That does not mean liberalism was unknown to India. In fact, there is reason to believe that ancient India was the cradle of tenets that form the core of modern day liberalism. Traditional Indian societies were generally pluralistic. The king, kshatriya by caste, was the unquestioned sovereign who was venerated as the very incarnation of super-god ‘Vishnu’ but had little power over the seats of learning and over the poor but scholarly brahmins. Rajaji was fond of quoting a Gujarati proverb meaning, ‘Where the king is a trader his subjects are paupers’. The political head had little to do in matters of learning and trade.
This polycentrism may not, because of its caste basis, pass modern day scrutiny; but it constituted, at least in theory, a rare combination of muzzled monarchy and social prestige divorced from both wealth and power. The reality might not have been fully as rosy as all that; that such values were cherished at all so early in history is itself remarkable even when compared to the situation then prevailing in Europe, China or Japan.
Cradle of Liberal Tenets
The liberalism of ancient Indian society does not appear to have been limited to superficial social and political structures. The ancient Indians, particularly of the mainstream ‘Vedanta’ school propounded theses that came very close to the philosophical assumptions of modern liberalism – uniqueness of the individual, rejection of absolutism, scepticism of authority and trust in the efficacy of competition.
Firstly, the ‘Vedanta’ system held all qualitative attributes to be illusory and refuted all claims of authority by temporal institutions claiming divine contacts. Truth, beauty and goodness represent eternal pursuits – paths and not stations- on which the mighty ‘Shiva’ wends his way.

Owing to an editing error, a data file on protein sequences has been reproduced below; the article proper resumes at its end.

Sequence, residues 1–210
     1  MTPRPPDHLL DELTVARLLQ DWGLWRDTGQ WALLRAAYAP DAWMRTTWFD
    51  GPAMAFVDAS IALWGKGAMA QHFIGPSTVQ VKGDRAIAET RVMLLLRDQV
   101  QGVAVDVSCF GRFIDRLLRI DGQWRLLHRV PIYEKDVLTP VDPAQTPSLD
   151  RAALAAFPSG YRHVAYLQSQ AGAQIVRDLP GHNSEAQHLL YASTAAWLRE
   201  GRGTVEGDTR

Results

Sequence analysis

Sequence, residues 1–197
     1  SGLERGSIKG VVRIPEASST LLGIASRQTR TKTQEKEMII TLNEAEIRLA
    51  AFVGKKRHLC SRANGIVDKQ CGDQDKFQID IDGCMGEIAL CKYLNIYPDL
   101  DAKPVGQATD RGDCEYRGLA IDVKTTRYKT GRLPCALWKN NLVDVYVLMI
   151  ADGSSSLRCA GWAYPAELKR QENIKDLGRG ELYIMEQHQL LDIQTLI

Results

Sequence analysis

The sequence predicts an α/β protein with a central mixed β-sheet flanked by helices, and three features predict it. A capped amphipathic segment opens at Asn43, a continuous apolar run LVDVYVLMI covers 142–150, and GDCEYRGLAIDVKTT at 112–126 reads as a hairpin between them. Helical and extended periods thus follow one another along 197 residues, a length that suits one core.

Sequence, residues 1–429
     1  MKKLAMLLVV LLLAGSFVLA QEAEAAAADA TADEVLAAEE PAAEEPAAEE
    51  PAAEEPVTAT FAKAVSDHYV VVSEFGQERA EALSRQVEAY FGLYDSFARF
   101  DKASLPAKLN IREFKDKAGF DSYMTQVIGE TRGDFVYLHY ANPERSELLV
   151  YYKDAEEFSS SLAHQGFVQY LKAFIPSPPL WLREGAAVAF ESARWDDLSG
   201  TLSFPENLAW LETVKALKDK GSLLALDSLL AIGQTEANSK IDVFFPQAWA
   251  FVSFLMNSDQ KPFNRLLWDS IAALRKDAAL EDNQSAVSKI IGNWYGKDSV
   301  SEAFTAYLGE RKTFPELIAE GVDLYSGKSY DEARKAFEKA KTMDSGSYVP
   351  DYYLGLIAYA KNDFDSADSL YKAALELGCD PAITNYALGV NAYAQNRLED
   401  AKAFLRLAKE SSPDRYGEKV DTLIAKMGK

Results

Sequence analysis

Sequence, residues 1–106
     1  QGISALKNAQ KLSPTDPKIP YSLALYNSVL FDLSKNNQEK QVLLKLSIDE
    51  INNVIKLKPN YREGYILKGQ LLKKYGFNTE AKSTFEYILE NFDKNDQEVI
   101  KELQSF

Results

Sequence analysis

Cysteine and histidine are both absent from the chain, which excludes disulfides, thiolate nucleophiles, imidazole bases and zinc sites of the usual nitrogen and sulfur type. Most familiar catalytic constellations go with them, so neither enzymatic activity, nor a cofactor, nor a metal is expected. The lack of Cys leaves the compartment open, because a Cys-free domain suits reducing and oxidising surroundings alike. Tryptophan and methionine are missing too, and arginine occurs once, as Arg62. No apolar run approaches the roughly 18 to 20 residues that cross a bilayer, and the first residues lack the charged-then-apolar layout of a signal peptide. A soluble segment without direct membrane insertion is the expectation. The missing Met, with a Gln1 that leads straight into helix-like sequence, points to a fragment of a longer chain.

Secondly, since the journey is the thing, every individual charts his course according to his own light. Despite the illusory nature of all existence one is not to renounce action but pursue with full devotion all undertakings without any attachment.
Thirdly, there is no contradiction between the unitary and the holistic. The lights of an individual are consistent with the object of the Universe. All intermediaries like the Church and Planning Commission are pointless and counter-productive.
The tyranny of a monarch or of a church would have been inconceivable in the ‘Vedanta’ society. It is a pity that those wise men sought to increase their degrees of freedom through abstinence rather than through generation of affluence. This made them vulnerable to attacks by barbarian hordes. Worse still, they succumbed to the vainglory that they had come to the end of history and could not do better than continue in static equilibrium till the end of time. This they ordained the disastrous caste system- division of labour by accident of birth- resulting in internal contradictions that were to prove so disastrous.
Plethora of Statists
The British who, unlike the Muslim invaders, had a liberal background, established the rule of law and in many ways treated India as a laboratory for model-building. Their efforts to bring equality in the caste-ridden land were effectively thwarted by the revolt of 1857 and, thereafter they limited their rule to administration and colonial exploitation. Maintenance of the Raj, naturally, had overriding priority. Consequently British rule, though soft by colonial standards, was far from being a liberal democracy.